Yes, a West Island slasher film

William Shatner and a few other (better) actors star in 1982’s Visiting Hours, another marvel from the Tax Shelter era of Canadian cinema.

Visiting Hours
Linda Purl in Visiting Hours
Alex Rose’s Made in MTL is a series exploring films from the vaults shot and/or set in Montreal.
The film: Visiting Hours (1982)

Does Montreal play itself? It’s never said explicitly, but it very well may.

Notable local talent: I think it goes without saying that Visiting Hours is somewhat momentous in the context of this feature since it represents one of only two features William Shatner has made in his hometown (the other is his debut, something called The Butler’s Night Off). As a not-particularly-classy product of the tax-shelter days, it’s hardly a career high (not to mention it would be charitable to deem Shatner’s role supporting) but it’s an interesting footnote. Like most movies made in the tax shelter days, it fills its supporting roles with actors from all over the country, so there are few recognizable faces throughout.

visitinghours__spanMost egregious local landmarks: The hospital used for the exteriors (and presumably the interiors) is the veterans’ hospital in Ste-Anne-de-Bellevue. It’s also pretty much the only location in the film besides Lee Grant’s home (which could be anywhere) and Ironside’s home (which is a shabby Plateau-esque building that’s only glimpsed in one shot).

As I’ve probably pointed out in the past, I’m mildly obsessed with the period of Canadian cinematic history between 1975 and 1984 known as the Tax Shelter Boom. Paul Corupe of Canuxploitation explains it succinctly here but they were essentially films that were star-heavy and big-budget on paper, but essentially made cheaply and barely released to capitalize on the huge tax breaks offered by the government. Not many of these films are very good; some of them are downright unwatchable. Others hit a weird kind of balance, where they’re both competently made and yet completely devoid of effort or interest. Visiting Hours is in that last category. Directed by the more-than-competent Jean-Claude Lord and starring actors that have done much better work elsewhere, it’s also completely mundane, generic and warmed-over.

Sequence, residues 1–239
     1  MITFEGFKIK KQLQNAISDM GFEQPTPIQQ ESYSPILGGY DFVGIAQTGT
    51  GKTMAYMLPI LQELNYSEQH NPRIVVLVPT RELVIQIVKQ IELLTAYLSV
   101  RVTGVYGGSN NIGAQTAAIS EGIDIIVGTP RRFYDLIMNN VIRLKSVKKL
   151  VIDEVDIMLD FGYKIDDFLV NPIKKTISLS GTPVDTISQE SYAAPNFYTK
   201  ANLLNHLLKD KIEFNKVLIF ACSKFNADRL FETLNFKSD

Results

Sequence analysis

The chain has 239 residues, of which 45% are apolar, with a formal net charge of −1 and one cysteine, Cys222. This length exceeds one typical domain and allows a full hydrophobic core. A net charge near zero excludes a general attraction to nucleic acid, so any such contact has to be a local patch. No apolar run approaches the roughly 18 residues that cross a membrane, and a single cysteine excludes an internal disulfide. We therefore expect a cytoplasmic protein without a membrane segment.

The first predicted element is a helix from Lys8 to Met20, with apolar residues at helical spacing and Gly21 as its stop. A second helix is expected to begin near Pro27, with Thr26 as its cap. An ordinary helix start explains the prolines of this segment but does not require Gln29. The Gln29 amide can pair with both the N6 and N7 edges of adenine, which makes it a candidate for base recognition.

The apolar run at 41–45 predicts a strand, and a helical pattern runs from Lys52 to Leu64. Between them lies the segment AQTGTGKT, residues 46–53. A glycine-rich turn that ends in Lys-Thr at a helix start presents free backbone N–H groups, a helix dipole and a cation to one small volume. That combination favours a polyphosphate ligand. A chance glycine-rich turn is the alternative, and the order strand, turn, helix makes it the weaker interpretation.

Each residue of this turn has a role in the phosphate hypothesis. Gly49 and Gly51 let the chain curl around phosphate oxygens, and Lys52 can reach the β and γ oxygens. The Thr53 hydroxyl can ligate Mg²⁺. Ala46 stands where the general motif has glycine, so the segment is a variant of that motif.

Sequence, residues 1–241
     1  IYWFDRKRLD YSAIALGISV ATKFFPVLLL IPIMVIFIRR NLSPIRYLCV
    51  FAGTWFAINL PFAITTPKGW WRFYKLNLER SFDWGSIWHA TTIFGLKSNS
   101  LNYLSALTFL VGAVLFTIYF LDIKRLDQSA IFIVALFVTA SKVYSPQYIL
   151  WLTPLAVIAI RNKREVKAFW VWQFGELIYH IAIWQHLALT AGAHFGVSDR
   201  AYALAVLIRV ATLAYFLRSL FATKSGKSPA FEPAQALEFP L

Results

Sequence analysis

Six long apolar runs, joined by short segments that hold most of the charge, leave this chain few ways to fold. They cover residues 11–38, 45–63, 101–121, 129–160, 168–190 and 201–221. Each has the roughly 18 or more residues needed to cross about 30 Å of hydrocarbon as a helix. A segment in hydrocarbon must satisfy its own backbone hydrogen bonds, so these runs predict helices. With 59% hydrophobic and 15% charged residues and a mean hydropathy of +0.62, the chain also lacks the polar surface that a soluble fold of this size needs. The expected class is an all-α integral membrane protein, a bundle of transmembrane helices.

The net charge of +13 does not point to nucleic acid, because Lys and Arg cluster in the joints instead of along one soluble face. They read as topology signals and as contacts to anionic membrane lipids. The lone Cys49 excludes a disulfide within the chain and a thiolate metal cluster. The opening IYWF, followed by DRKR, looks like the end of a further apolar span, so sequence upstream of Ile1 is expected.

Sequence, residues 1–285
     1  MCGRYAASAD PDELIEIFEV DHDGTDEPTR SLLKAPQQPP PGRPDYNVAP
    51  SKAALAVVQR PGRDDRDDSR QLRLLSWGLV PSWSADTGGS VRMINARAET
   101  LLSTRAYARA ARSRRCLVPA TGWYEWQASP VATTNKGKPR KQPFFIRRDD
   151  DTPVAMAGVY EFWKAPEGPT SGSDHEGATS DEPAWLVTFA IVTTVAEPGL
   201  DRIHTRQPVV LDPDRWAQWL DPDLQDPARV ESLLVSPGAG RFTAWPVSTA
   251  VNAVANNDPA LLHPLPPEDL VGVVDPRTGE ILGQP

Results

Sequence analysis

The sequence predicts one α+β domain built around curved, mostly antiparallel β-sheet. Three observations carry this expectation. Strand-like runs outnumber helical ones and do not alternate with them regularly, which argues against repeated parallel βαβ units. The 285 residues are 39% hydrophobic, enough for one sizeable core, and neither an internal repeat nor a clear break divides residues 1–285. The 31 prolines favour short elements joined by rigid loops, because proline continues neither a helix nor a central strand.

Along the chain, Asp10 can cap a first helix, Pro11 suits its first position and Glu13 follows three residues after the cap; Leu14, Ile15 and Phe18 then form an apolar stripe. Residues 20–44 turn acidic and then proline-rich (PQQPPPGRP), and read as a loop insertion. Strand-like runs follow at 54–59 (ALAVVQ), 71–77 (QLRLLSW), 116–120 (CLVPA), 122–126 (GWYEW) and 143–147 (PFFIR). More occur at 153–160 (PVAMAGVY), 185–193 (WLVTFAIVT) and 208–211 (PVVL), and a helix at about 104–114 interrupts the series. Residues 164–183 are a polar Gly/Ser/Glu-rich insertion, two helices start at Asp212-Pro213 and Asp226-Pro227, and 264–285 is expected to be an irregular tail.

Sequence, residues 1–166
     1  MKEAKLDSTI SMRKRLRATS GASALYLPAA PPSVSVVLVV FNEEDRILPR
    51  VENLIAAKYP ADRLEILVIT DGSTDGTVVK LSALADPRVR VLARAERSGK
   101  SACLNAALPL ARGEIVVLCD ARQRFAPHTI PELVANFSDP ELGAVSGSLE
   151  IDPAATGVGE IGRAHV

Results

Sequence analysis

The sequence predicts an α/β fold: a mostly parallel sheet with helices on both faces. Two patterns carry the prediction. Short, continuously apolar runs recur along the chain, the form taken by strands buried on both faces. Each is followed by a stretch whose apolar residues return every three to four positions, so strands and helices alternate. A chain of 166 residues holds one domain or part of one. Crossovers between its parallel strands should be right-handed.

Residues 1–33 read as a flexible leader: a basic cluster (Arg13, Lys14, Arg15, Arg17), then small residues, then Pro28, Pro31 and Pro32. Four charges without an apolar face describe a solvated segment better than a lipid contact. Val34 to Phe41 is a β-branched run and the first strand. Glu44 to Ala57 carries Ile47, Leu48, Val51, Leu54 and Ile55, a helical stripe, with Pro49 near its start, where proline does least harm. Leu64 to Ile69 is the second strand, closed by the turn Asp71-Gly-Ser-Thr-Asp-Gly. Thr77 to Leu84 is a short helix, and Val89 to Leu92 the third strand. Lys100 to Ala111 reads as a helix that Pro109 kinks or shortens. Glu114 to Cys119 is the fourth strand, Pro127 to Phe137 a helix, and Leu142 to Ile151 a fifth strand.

Deborah Ballin (Oscar winner — though not for this movie, obviously — Lee Grant) is a prominent feminist activist whose appearance on a talk-show earns the scorn of greasy psychopath Colt Hawker (Michael Ironside). Hawker, you see, hates women for fighting back because he witnessed his own mother disfiguring his father with a pan full of hot oil when the father got rough with her. This deep-seated trauma has caused him to become a total fucking psycho, stalking Ballin into her home and attacking her badly enough to land her in the hospital. Deborah is certain that Hawker has it out for her specifically, but her boss (Shatner) believes she was the target of a robber. Hawker begins stalking a nurse at the hospital (Linda Purl) in an attempt to get closer to Deborah — and, well, you can probably guess the rest.

Michael Ironside
Michael Ironside

Considering that Visiting Hours was placed on the notorious U.K. list of banned “Video Nasties” and has the pretty gross notion of a killer stalking feminists at its core, it’s a fairly tame thriller that has more in common with Halloween II than the grotty gorefests that accompanied it on the Video Nasties list. That’s not to say that the idea of a man stalking and killing women based on some half-baked Freudian flashbacks isn’t gross and exploitative, but it ultimately doesn’t feature that much in the film. It’s far less reprehensible than other films of the same time period, but I’d take a little outrageous exploitation if it meant the film was dynamic or interesting in any way.

Visiting Hours barely works under the (usually pretty generous) guise of a slasher film, either; it’s mostly devoid of suspense, despite Lord’s careful staging of suspenseful sequences, undone mostly by Ironside’s frothing-at-the-mouth approach to playing a crazy guy. It’s a slickly made film that doesn’t fundamentally understand the appeal of its genre, and thus represents the worst aspects of the tax-shelter films: well-packaged, well-cast genre films that have little to no conception of what actually makes the genre work. There’s slicing and stalking and all of the elements of a slasher movie, but it’s all going towards the ultimate goal of selling a poster and maybe some overseas distribution. ■
Visiting Hours is available to stream (in gloriously unnecessary HD) on Netflix Canada.